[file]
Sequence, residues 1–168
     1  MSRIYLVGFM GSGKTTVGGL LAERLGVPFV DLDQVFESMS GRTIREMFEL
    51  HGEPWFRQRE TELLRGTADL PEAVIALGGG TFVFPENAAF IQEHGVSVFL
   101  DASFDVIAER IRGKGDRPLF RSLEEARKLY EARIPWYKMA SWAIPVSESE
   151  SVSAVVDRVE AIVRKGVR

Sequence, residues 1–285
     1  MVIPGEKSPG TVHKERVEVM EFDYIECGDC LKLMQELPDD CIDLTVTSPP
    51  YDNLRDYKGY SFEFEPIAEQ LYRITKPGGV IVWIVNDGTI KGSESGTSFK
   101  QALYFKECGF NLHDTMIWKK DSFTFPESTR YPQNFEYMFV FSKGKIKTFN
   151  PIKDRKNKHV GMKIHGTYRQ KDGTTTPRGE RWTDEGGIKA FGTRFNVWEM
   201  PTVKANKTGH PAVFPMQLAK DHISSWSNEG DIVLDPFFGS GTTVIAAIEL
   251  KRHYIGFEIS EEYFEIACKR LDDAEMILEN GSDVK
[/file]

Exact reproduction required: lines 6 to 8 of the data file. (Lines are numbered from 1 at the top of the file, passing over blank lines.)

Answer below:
Sequence, residues 1–285
     1  MVIPGEKSPG TVHKERVEVM EFDYIECGDC LKLMQELPDD CIDLTVTSPP
    51  YDNLRDYKGY SFEFEPIAEQ LYRITKPGGV IVWIVNDGTI KGSESGTSFK